BEIJING, May 27 (Xinhuanet) -- Almost 13 percent of real estate investment in China comes from overseas, and 20 percent of local residence buyers are either foreigners or compatriots from other cities or countries, according to a report on Shanghai's finances just released by China's central bank.
In Shanghai, where housing prices have been rising
amazingly fast in the past two years, the average price in urban and suburban
regions has exceeded 10,000 yuan (some 1,200 US dollars) per square meter.
Some overseas investors, expecting RMB/yuan
appreciation, have bought dozens of apartments in China's coastal cities,
including Shanghai, according to the State Administration of Foreign Exchange.
Many local Chinese have joined in on the speculation, hoping to profit from a
jump in housing prices.
In the first 11 months of 2004, over 22.2 billion
yuan (2.67 billion US dollars) in overseas funds rushed into Shanghai's
real-estate market, 15 billion yuan of which were used for housing development,
12.7 percent of the total investment in Shanghai's real estate development.
Currently, investors from overseas can directly buy
local property with foreign currency or Renminbi. Since 2004 foreign investors
altogether bought 3.95 million square meters of houses in Shanghai, soaring 85
percent year on year, the report said.
"Overseas investors prefer expensive housing, and 70
percent of high-class houses in downtown Shanghai were sold to overseas
purchasers after last October," said an insider who declined to give his name.
During the Jan.-Nov. period in 2004, about one
million square meters of commercial housing with prices above 11,000 yuan per
square meter were purchased with overseas funds, almost tripling from the same
period in the previous year, according to official statistics provided by local
real estate administration.
Starting last year, names like Merrill Lynch and
Morgan Stanley Investment Bank constantly made headlines for completely taking
over real-estate projects in Beijing and Shanghai.
International fund management companies like Morgan
Stanley andLehman Brothers began scrambling for Shanghai's real-estate market.
They either directly bought residential apartments and office buildings or set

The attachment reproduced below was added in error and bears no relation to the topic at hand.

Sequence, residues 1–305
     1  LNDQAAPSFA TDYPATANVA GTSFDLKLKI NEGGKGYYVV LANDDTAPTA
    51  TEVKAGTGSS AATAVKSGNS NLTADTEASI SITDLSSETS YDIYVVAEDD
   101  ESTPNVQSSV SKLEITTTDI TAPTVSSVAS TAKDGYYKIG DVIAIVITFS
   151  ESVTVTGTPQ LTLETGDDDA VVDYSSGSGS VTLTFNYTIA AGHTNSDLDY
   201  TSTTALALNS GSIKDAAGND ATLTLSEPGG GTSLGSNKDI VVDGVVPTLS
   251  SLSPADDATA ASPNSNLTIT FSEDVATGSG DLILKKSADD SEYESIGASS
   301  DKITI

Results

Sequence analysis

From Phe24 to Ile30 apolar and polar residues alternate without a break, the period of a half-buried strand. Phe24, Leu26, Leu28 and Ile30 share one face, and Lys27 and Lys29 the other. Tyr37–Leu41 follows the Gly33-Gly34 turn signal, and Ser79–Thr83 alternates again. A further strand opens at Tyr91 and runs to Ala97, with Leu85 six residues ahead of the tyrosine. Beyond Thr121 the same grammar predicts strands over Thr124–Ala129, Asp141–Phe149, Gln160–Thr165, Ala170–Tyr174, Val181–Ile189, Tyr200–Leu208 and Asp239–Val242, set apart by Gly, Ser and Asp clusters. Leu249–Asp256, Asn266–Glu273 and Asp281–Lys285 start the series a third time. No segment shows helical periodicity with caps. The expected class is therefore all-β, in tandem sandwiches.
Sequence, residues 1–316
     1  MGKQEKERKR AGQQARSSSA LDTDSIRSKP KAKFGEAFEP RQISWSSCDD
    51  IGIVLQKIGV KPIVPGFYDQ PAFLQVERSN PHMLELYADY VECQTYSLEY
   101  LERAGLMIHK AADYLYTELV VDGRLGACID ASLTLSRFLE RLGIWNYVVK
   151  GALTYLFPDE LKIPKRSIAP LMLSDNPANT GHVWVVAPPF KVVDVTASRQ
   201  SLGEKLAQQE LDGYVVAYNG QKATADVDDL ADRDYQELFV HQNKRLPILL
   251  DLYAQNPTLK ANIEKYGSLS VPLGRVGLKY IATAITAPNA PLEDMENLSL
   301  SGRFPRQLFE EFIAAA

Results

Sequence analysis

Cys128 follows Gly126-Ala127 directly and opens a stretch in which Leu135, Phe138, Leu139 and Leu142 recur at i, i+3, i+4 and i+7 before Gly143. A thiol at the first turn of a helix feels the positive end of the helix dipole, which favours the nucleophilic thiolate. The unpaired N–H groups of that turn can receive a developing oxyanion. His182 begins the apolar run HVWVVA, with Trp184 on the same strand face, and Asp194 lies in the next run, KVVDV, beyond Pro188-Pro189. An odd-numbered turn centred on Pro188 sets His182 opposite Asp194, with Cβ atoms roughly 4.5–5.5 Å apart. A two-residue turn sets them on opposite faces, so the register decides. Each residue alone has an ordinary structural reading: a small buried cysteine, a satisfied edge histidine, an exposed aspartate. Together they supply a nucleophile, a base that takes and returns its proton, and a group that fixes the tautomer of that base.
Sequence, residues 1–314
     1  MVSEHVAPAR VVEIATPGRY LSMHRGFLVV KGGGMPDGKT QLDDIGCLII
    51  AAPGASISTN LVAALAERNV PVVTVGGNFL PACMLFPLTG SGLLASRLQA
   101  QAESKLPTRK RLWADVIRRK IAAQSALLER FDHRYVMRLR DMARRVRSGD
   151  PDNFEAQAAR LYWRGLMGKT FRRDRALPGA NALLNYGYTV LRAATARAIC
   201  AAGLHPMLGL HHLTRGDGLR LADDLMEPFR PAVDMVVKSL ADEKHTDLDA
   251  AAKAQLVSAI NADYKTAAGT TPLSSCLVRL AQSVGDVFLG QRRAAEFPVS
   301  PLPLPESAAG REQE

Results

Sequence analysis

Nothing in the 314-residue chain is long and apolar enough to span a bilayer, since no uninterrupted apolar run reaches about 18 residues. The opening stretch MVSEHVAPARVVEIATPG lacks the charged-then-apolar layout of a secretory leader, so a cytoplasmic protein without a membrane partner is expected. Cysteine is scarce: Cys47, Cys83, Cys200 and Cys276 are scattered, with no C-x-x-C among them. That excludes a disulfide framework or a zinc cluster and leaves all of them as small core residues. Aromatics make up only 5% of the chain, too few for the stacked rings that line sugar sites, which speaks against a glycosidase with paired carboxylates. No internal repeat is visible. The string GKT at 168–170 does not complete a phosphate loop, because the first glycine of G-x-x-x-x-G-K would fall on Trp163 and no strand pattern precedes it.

up joint ventures for future estate business.
According to the Economic Information Daily, a
retirement-fund management company from Singapore and a German bank are in talks
separately with Beijing Capital Land for property in the Zhongguancun district,
the so-called "Silicon Valley of China".
Headquartered in Shanghai, the Yangtze Special
Situations Fund,with investment from both America and the Shanghai Industrial
and Development Company Limited, left no doubt about a 30-million-US-dollar
debut purchase of a luxury residential high-rise in Beijing.
In 2004 the total investment made by foreign-funded
real estatefirms jumped over 65 percent year on year in Shanghai. Currently
there are 448 foreign-funded estate development companies in Shanghai, with
registered capital of 73.3 billion yuan (about 8.83 billion US dollars), up 35
percent from 2003.
The inflow of foreign funds into China's real estate
market notonly raises housing prices, but fosters speculative activity,
acknowledged Cai Weimin, secretary of the Taiwan Real Estate Policy Institute,
which often gives advice to Taiwan compatriots on house purchases in Shanghai.
In 2004, an overseas individual once bought a total
of 115 apartments in Shanghai, where almost 20 percent of the houses bought by
foreign investors were sold again in a year.
Some experts, worrying about the property bubble
created by foreign speculative funds, suggest stricter measures be taken to
restrict such inflow. The "hot money" has pushed housing prices toa very high
level, making some cities look "prosperous", but does no good to the investment
climate as it leads to higher living and business costs, they say. Enditem